The La Martiniere for Boys archive on the campus and (right) some of the exhibits inside. Pictures by Sanjoy Chattopadhyaya
The pages may have become brown and brittle but they tell the story of the formation of the La Martiniere schools. The document, the will and testament of the founder of the schools, major general Claude Martin, is one of the historical records dating as far back as 1800 that have found place in the La Martiniere for Boys archive, which was inaugurated on the campus on Monday.
“Major general Martin made a will that was vetted by the Supreme Court of India, which was then in Calcutta, and later became the constitution of this institution,” said Supriyo Dhar, the secretary of the La Martiniere schools.
They were a result of Martin’s desire to start a school “for the public good of the town of Calcutta…” It took 30 years to dispose of the litigation arising out of the will. Finally, as a result of a Supreme Court decision, La Martiniere School opened in Calcutta on March 1, 1836. Martin had passed away in September 1800.
The document, which had been kept in a school safe, has now been moved to a glass showcase in the archive, inaugurated by the bishop of Calcutta and the president of the board of governors of La Martiniere, Ashoke Biswas.
“La Martiniere is one of the oldest schools in the city and in order to understand our present and to know where we are going in the future, we need to go back to our past,” said Sunirmal Chakravarthi, the principal of La Martiniere for Boys.
Putting together the archive took four years of work, from finding a location to collating documents.
“We took some time to sort out the relevant material and spent hours and days getting the documents laminated. We wanted a prominent place near the entrance so that the archive did not miss the eye. Ours is the only school in the state to have such an archive,” said Sucharita Basu, one of the teachers in charge of the school’s Heritage Club, which will maintain the archive.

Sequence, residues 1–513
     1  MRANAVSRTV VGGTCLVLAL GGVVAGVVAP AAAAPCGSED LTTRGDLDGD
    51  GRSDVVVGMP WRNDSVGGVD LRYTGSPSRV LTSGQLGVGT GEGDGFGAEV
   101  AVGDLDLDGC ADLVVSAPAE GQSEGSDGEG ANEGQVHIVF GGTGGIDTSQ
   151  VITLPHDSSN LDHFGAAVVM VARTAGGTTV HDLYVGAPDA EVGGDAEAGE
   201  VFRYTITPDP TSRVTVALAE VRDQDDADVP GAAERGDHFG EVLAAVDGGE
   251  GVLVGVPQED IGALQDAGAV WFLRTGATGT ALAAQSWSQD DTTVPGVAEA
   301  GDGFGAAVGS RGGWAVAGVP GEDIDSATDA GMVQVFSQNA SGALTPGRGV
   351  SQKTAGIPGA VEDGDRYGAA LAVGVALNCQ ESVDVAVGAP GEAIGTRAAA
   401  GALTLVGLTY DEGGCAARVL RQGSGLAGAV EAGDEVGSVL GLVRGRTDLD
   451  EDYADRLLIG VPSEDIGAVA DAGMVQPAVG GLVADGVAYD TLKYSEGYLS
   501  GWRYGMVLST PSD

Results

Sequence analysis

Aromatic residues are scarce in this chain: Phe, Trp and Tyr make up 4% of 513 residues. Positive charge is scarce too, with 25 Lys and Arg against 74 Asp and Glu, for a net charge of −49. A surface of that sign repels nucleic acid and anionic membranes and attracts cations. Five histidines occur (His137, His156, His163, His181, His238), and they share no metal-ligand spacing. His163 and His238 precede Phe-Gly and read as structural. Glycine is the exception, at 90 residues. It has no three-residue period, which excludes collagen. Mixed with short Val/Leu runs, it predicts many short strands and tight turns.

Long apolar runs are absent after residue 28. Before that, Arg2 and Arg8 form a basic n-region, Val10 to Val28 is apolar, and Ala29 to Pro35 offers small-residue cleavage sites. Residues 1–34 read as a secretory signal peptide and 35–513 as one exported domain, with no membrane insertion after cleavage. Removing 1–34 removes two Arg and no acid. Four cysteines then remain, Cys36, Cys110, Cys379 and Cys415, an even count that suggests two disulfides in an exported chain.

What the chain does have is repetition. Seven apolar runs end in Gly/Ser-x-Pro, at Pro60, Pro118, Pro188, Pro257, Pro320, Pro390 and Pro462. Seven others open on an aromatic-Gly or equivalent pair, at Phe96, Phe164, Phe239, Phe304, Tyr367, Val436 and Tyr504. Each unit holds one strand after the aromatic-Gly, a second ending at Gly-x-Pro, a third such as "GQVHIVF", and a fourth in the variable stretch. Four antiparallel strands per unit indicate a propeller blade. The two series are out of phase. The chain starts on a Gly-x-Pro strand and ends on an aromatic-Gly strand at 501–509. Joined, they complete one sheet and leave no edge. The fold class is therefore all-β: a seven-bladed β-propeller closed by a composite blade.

The archive is housed in a 150sq ft room near the entrance to the Rawdon Street campus that was once used as the school’s National Cadet Corps office.
The other exhibits in the archive include the annual report of La Martiniere of 1861, the dies (moulds) of the school medal and the school logo, a letter written by Martin in May 1800 and an 1837 photograph of the round chapel of the school with a dome on top before an earthquake caused a crack leading to its demolition
Past students feature prominently in the archive. For example, there are photographs of John Mason as a debater in school and also as a teacher, the kindergarten progress report of industrialist Harsh Neotia, the Class IV progress report of tennis star Leander Paes and some of his medals, one of golfer Rahil Ganjee’s certificates and report card.
“We will be digitising many of the documents,” said Dhar.
Biswas also inaugurated the Martin and Chater blocks, two four-storeyed buildings that will house the primary section (lower nursery to Class V) from June.